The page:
What Chelsea Manager Rafa Benitez Got Right and Wrong Against Manchester City

Joe Krishnan@joekrishnanContributor IFebruary 24, 2013

MANCHESTER, ENGLAND - FEBRUARY 24:  Fernando Torres of Chelsea comes on for John Obi Mikel as Rafa Benitez the manager of Chelsea makes a substitution during the Barclays Premier League match between Manchester City and Chelsea at Etihad Stadium on February 24, 2013 in Manchester, England.  (Photo by Alex Livesey/Getty Images)
Alex Livesey/Getty Images

There have been several criticisms about Rafa Benitez's rather unpopular appointment at Chelsea. None have been more fierce than that of the fans, opting to boo the Spaniard every time the Blues set out onto the pitch.

Originally, pundits in the game said the booing was unhealthy and showed a lack of unity, and I was one of the first to agree. Let Benitez have a chance, let him prove us wrong.

That's what I thought too, with some hope that the former Liverpool manager could salvage something from the Blues' season after the popular Roberto Di Matteo was ruthlessly axed.

Unfortunately, it seems like Roman Abramovich's run of appointing successful interim managers is coming to an abrupt end.

Chelsea's below-par performance in the 1-1 draw at home to Sparta Prague was a clear indication of just how far the Blues have fallen, from the dizzying heights of winning the Champions League to struggling against a club who didn't even win their own domestic league.

The performance may have been poor, but Eden Hazard's brilliant cameo, producing a stunning late strike to send Chelsea through, spared Benitez's blushes on Thursday night.

And in the 2-0 defeat to Manchester City on Sunday, Hazard was lively again, causing Pablo Zabaleta, one of City's best players this season, all sorts of problems with the Argentina international living dangerously on a yellow card.

Yet, when Chelsea fell behind to a neat Yaya Toure finish, it wasn't Ramires, having a poor game on the right wing and in danger of being handed a red card, whose number was held up on the fourth official's board.

Rather frustratingly for any Blues fan, it was one of Chelsea's most threatening players who was sacrificed. I think you can guess who was withdrawn instead, right?

Well, for those who aren't too bright, it was indeed the young Belgian, Hazard, who was substituted. And he wasn't happy, which is unusual to see with the 22-year-old, who usually accepts the decision to bring him off without any real objection.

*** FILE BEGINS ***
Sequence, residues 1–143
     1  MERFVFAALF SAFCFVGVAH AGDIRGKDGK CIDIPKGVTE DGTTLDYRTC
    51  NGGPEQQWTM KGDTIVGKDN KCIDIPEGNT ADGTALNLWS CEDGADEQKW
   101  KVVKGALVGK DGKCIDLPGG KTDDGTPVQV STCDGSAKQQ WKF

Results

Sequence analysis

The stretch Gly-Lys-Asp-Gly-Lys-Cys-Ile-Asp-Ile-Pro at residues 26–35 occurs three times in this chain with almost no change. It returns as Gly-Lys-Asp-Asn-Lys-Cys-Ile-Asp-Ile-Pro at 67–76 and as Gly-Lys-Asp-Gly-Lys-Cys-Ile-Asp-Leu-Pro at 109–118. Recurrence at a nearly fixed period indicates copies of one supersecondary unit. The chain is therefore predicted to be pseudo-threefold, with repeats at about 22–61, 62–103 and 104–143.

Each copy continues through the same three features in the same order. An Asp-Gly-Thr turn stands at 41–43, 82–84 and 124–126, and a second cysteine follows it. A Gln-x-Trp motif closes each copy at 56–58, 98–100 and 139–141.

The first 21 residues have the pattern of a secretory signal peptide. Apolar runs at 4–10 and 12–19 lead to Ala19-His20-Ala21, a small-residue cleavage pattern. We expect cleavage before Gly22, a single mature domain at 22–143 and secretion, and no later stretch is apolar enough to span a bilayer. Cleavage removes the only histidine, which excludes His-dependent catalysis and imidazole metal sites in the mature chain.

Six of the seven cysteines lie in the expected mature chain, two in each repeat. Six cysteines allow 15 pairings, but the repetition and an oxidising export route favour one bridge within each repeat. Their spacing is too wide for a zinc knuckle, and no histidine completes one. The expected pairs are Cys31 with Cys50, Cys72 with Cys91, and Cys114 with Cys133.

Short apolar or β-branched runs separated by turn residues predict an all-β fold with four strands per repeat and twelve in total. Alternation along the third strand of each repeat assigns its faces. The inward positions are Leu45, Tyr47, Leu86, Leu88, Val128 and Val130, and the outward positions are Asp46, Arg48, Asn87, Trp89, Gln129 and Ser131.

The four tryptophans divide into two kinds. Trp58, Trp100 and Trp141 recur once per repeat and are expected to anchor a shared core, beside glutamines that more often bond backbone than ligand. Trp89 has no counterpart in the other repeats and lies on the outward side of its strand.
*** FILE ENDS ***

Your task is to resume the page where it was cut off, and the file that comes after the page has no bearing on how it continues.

As he walked off the pitch, he was muttering words under his breath. Whether it was French or English, that doesn't matter.

He didn't storm down the tunnel, but equally, his dismay was there for everyone to see. And it symbolized something very important; something that usually signals the end of a manager's tenure at Stamford Bridge.

Hazard's body language suggested he didn't trust the decision by Benitez to bring him off. When a player as professional as Hazard shows that lack of trust in his manager, it means it could be curtains for Benitez. 

But it gets worse.

Again, Ramires was spared as Frank Lampard was withdrawn. To take off Hazard is one thing, but to haul off Lampard just 10 minutes or so after his penalty was brilliantly saved by Joe Hart is just unacceptable.

Both players are match winners, and have done it time and time again for the club this season. On the other hand, the players who replaced them have been experiencing indifferent form.

Brazilian playmaker Oscar's best form has been in Europe with six goals, but his Premier League showings have been inconsistent, while Victor Moses has only just returned from the African Cup of Nations, where he featured in every game.

Lampard, scorer of 11 goals in 19 Premier League games this season, was not having his best game, but as shown in the 3-2 defeat to Newcastle, he can score from anywhere at any time.

And the expression of his face was one even more significant than Hazard's; almost like he is resigned to leaving the club, with his efforts of helping the club not recognized by the tactical stubbornness of Benitez.

To put this game in context, the only bright point of a dark day for Benitez was playing Gary Cahill, and that's because the England international put his body in front of absolutely everything. Then again, John Terry, left on the bench, could have done exactly the same.

Apart from that, the only other thing he got right today was getting to the stadium.

The fans called once again for Rafa's head today, and with all due respect to Benitez, they were certainly entitled to.